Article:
February 12-2020
Blending Iranian and Indian mythologies, animated film ‘Jamshid’ tells a morbidly beautiful tale

Most civilisations are based on the foundation of some strong stories – be it myths, legends, folklores or epics, there’s nothing more powerful in the world than a good story. It’s a story that resonates beyond borders and has the power to transform as well as bind cultures.

Jamshid: A Lament for a Myth is one such story that brings together the Iranian and Indian mythologies together blending two cultures seamlessly. Created and directed by independent animator, Moin Samadi based out of Tehran, Jamshid is based on Persian mythology, and an old Persian king named Jamshid. The name Jamshid means ‘Twin of the Sun’ and has similarities with India’s lord of death and justice, Yama (Yamraj). 

Both Samadi along with his teammate Mehdi Albeygi, who has been working together for a decade now, went through extensive research on Persian culture and its manuscripts, where Jamshid is referred to as a King in some scripts, and a sinner in others. They also referred to the Rig Veda for inspiration and facts. Jamshid: A Lament for a Myth was screened in India at TASI’s Anifest 2019 in December.

Speaking to AnimationXpress, Samadi shared, “Jamshid is one of the most famous characters in Iranian culture, and we have lots of different stories about him from different historical periods. So zeroing down onto a common picture out of all the versions, was impossible for me. Thus, I decided to reborn and reimagine the character to retell the story or myth. I studied every version of the story and from them sculpted my story of Jamshid: The Lament for a Myth out of them. 

Initially, I thought Yama from Indian Myth is absolutely another character to Jamshid but after a deeper look at the ancient scripts, I realized that the roots are the same. There are lots of wonderful similarities between two mythologies, like – Jamshid in Pahlavi (ancient Persian language) is ‘Yam ’the king of the above-ground (living creatures) , Yama on the other hand is the king of the underground, but the interesting thing is a story about Yam or Jamshid in which he leads all the living creatures to an underground building to survive from a very long and hard winter. So there are lots of differences and similarities!”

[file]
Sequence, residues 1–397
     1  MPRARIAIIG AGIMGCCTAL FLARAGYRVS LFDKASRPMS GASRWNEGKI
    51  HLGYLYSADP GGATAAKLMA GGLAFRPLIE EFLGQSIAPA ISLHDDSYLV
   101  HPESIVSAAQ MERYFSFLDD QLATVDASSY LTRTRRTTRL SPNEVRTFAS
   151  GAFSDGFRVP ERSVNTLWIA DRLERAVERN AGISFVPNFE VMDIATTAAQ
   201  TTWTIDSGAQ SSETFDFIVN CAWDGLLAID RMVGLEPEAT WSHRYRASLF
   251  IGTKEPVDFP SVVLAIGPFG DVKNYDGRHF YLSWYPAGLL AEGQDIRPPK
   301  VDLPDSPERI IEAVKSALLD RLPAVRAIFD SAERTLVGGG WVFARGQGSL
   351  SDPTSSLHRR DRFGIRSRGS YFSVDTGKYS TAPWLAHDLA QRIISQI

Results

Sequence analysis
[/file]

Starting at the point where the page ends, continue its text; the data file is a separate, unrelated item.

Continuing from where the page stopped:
For the visual representation, they decided not to reveal Jamshid’s face and never use his close up in the film, to keep him as mysterious as he is, as he necessarily he may not be a person, but a mindset or an ideology. Inspired by Kurosawa’s Throne of Blood (1957) and ancient cave paintings, Samadi and Alibeygi chose silhouette and grey tones to heighten its mystical undertone. It took them four months to create characters with clay for which they referred to Ballet for movement. Then they moved on to storyboarding, animatics, reels and music by Milad Movahedi

Jamshid: The Lament for a Myth is divided into four chapters – Be Chosen, Be King, Survive and Be Dead. The animated film has been shot on vertical screen throughout which was a conscious decision to put Jamshid’s world between two worlds of good and evil.

“After I wrote the story and a draft of the screenplay, we started creating a visual concept with Faraz Shanyar and received a visual bible for the film. Hadi Tabasi animated Jamshid in Photoshop, but the challenge was to animate the characters in silhouette and the negative space of the chapters became very important to recognise their acts so we used theatrical performance as the main reference for the animation. At the post production, we have the other challenge to composite numerous black layers of backgrounds, characters, and effects together without using colors. Saeid Gholizade made us a foggy 3D atmosphere in the Nuke to arrange the layers and separating them with the colourful lights. In the end, we rebuild the music and add some vocal parts as a lament from Avesta (oldest Persian manuscript) which told Jamshid’s story. For the music, we wanted to use ancient persian music and recorded it in the studio. But for a low budget, we recorded with an orchestra. I learned a lot during this project and I think as filmmakers, we are lucky to have the chance of learning, creating and enjoying,” added Samadi.

Samadi, Alibeygi and their team barely got any support from the industry or the Government in Iran. Rather they had to clarify a lot of things when these animators seeked help in funding. Despite all these, these content creators and animators tell powerful stories and find solace in the mere process of creating it and showing it to a large scale of audience.